In some cases, the decedent left a Last Will and Testament.  This document typically names a person who is to be appointed as the executor.  There may be designations of successor or alternate executors, as well.  When a person dies intestate, without a Will, the provisions of Surrogate’s Court Procedure Act Section 1001 entitled “Order of priority for granting letters of administration,” sets forth the individuals who have the priority right for appointment as an estate administrator.  In the vast majority of matters, there is someone who is either designated in a Will or otherwise has a right pursuant to the estate statutes to be appointed, who will petition the Surrogate’s Court for the authority to act as the estate fiduciary.  In fact, it is not uncommon for there to be estate litigation among competing parties for appointment.  These disputes can be based upon claims that the applicant is unfit or unqualified for appointment or that there are competing documents which the Court should consider in making the appointment.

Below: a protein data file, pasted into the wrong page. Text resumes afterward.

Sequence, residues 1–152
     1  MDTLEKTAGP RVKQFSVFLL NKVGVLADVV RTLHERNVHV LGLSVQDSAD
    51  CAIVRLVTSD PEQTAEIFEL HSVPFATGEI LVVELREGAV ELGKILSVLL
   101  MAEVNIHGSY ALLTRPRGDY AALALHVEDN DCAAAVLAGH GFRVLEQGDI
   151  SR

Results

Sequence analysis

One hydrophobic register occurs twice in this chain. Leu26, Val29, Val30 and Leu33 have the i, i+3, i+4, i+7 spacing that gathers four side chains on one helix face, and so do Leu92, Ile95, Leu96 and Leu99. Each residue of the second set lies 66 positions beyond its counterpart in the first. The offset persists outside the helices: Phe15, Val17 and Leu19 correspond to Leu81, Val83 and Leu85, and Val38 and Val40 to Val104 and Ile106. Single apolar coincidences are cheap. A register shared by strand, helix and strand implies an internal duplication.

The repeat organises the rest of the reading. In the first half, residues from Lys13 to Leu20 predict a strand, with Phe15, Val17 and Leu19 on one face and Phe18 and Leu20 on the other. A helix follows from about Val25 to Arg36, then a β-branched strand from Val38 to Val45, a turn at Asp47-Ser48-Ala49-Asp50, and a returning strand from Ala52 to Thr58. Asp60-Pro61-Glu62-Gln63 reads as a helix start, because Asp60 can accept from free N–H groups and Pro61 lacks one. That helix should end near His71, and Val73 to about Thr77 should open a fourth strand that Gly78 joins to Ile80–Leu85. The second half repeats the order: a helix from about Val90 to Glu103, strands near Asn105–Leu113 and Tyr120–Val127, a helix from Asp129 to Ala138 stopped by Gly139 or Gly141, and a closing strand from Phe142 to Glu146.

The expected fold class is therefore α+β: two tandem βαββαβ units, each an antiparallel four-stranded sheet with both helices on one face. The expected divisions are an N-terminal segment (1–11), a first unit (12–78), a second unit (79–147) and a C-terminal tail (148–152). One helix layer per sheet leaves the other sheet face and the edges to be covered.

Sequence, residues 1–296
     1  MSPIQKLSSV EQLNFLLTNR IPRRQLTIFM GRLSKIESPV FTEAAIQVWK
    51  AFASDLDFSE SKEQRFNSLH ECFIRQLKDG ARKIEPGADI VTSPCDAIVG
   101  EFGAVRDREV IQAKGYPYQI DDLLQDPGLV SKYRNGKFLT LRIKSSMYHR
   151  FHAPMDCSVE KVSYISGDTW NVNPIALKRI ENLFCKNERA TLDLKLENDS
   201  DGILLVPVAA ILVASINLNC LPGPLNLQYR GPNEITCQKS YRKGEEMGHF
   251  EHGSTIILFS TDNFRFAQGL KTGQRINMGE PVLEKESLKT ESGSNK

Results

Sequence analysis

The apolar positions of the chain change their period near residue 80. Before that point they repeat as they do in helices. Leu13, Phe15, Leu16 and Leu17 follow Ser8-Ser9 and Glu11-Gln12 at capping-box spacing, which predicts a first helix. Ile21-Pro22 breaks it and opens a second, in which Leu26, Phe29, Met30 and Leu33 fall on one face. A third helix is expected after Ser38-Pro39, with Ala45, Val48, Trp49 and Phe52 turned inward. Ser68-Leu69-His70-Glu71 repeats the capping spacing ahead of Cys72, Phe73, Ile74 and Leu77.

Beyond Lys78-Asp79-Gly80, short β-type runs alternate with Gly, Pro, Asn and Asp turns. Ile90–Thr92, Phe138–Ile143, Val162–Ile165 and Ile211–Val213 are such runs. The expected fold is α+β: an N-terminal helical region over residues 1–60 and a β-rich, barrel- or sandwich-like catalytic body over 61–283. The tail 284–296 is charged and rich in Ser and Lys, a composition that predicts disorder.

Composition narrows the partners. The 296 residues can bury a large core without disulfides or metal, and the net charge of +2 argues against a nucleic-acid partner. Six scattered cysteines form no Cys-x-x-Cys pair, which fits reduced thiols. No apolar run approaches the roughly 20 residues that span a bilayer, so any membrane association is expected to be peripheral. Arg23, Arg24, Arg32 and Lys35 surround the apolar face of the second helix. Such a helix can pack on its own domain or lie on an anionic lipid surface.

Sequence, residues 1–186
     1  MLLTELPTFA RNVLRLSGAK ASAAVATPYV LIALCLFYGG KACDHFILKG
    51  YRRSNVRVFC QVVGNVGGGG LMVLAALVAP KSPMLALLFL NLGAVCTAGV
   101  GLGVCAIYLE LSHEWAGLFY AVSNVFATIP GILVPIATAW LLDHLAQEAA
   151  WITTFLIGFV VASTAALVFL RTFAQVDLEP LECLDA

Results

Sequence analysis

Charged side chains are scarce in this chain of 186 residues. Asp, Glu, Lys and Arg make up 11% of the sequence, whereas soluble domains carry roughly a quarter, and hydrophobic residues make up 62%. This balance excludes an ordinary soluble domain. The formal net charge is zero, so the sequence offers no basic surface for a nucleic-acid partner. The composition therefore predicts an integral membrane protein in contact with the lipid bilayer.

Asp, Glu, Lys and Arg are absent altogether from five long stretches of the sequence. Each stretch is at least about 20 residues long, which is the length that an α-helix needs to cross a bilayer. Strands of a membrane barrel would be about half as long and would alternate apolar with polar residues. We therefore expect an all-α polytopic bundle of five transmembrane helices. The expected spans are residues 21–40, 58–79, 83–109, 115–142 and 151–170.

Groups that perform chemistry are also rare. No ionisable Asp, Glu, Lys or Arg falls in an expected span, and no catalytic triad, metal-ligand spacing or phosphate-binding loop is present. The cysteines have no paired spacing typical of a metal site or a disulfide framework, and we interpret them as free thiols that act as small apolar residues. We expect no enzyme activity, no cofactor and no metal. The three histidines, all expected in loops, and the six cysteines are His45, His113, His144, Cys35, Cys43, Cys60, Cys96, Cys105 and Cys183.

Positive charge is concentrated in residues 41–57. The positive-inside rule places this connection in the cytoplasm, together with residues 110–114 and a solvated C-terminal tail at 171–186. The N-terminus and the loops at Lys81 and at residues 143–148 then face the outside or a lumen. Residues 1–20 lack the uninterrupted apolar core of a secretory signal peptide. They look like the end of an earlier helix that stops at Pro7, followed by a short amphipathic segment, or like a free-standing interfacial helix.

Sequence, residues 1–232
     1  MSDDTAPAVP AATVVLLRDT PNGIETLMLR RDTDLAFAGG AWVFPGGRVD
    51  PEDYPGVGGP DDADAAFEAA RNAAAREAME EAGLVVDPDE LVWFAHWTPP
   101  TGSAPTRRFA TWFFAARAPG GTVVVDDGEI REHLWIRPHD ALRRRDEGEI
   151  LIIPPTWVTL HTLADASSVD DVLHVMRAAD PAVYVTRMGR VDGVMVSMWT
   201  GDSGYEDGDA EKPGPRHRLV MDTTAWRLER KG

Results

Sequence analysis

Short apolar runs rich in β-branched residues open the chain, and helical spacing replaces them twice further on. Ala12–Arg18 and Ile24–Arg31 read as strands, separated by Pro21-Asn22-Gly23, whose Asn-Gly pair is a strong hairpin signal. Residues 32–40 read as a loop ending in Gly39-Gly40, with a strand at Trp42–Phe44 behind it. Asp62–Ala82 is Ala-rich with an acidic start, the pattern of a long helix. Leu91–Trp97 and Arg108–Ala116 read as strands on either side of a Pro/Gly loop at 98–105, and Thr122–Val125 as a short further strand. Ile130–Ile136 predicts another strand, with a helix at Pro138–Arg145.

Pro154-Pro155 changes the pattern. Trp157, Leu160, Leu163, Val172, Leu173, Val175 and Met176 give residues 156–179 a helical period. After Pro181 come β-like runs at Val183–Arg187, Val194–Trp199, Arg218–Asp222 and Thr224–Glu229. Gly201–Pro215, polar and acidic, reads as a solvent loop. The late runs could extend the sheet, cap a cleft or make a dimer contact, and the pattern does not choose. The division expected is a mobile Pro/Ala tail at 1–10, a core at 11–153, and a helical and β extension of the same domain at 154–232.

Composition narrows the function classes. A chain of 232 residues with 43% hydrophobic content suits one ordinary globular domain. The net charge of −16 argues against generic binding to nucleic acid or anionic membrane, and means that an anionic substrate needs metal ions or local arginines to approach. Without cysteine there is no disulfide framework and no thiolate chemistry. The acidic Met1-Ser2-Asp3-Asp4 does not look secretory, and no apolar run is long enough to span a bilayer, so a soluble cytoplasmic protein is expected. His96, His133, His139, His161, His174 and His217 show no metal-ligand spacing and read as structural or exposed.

Once in a while, there are estates where there is no one either qualified, authorized or willing to step forward to initiate estate settlement proceedings.  These matters typically occur where the decedent did not leave a Will and there are no known next of kin who have the authority to commence a proceeding for the appointment of a fiduciary.  There may also be situations where all of the named parties in a Will are deceased or their whereabouts are unknown.  The usual result in these cases is that a Public Administrator is notified.  A Public Administrator is a county official whose role is to administer estates where there is no one either qualified or willing to do so.  The Public Administrator engages its own attorneys who handle the proceedings in the Surrogate’s Court.

shutterstock_204507106-300x254The administration of a New York estate can involve many different aspects relating to the decedent’s lifetime affairs.  For example, after the Court appoints an executor or administrator, issues relating to a business may need to be resolved.  The business may have been in the form of a corporation or other entity such as a limited liability company or partnership.  There may be litigation or claims between the decedent’s estate and other business owners.